If you’re experiencing pain in your big toe and are finding that it’s becoming increasingly difficult to walk or run, take a moment to look at it carefully. You should be able to bend your toe anywhere between 50 to 90 degrees.
If you’ve lost the range of motion in your big toe, you may be suffering from Hallux Limitus, a condition that can lead to arthritis of the great toe joint. If you’re young, the word “arthritis” might not be what you expected to hear, but it’s actually a very common problem that is caused by the abnormal function and alignment of your foot bones and joints.
Great toe arthritis is often the cause of pain in the big toe when moving. Most who suffer from this condition report that there is little to no pain when the toe is not bearing weight.
In many cases, the first metatarsal bone in your foot rests higher than your other metatarsal bones, so when you walk, your big toe joint tends to “jam,” which eventually causes pain, calluses and even bone spurs.
The big toe is vital to your gait and propulsion – when its motion is limited, the other joints in your foot have to compensate, causing extra strain. This strain leads to an inefficient gait pattern, increased fatigue, and pain.
The causes for great toe arthritis lie with genetics or overuse injuries. Many people develop arthritis in their big toe joint from a previously untreated trauma or injury. Over time, extra bone growth occurs on top of the toe joint and the joint cartilage erodes, leading to arthritis.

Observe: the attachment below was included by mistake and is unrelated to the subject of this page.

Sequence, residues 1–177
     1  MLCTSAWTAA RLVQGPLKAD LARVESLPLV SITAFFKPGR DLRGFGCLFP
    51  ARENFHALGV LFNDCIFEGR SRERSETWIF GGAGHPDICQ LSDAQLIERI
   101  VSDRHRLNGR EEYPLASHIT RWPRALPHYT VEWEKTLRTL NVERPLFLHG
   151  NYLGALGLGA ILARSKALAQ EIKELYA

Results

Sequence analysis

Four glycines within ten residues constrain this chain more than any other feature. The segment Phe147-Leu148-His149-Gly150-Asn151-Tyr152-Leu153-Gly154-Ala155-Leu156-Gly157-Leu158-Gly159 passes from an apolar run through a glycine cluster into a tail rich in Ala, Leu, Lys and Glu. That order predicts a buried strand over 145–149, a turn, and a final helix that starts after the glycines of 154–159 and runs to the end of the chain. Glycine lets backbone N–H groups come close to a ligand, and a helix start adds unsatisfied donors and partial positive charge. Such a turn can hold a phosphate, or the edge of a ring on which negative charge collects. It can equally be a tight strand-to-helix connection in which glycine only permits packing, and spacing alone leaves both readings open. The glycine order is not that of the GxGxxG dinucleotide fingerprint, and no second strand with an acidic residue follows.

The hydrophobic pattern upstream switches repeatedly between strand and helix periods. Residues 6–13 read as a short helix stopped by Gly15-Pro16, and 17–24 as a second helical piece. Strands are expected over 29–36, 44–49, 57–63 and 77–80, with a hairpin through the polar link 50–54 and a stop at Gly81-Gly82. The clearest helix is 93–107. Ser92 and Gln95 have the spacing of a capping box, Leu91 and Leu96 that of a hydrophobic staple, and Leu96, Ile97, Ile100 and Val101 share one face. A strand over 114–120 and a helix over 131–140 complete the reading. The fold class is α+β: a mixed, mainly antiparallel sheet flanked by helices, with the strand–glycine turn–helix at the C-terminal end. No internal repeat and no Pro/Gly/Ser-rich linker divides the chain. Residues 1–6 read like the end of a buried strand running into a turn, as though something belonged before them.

The good news is that there are many non-surgical courses of treatment that can prevent further degeneration of the joint and reduce pain. Drs. Joel Brook and David Northcutt, at Dallas Podiatry Works, want to make the diagnosis and treatment of your pain a priority. They will conduct a thorough examination of the affected foot, including digital X-rays, to rule out other causes of your pain. Once diagnosed, they will be able to explain treatment options catered to your specific needs
To treat the problem, you will be fitted with a prescription orthotic device to wear inside your shoes, which will accommodate the condition in order to relieve the pain. This can slow or even stop the damage to the joint and eliminate painful calluses, so it’s important to wear your orthotic daily. You may also receive oral or topical anti-inflammatory medications or cortisone injections to reduce swelling and pain.
If your big toe joint has degenerated to the point where it has developed bone spurs or cartilage damage, surgery may be required. The recovery from surgery is usually rapid and is followed by physical therapy.
The longer you let your arthritis go untreated, the greater the possibility that your big toe joint will require surgery, so see a podiatrist right away if you suspect you have this condition. Make an appointment with Dallas Podiatry Works now.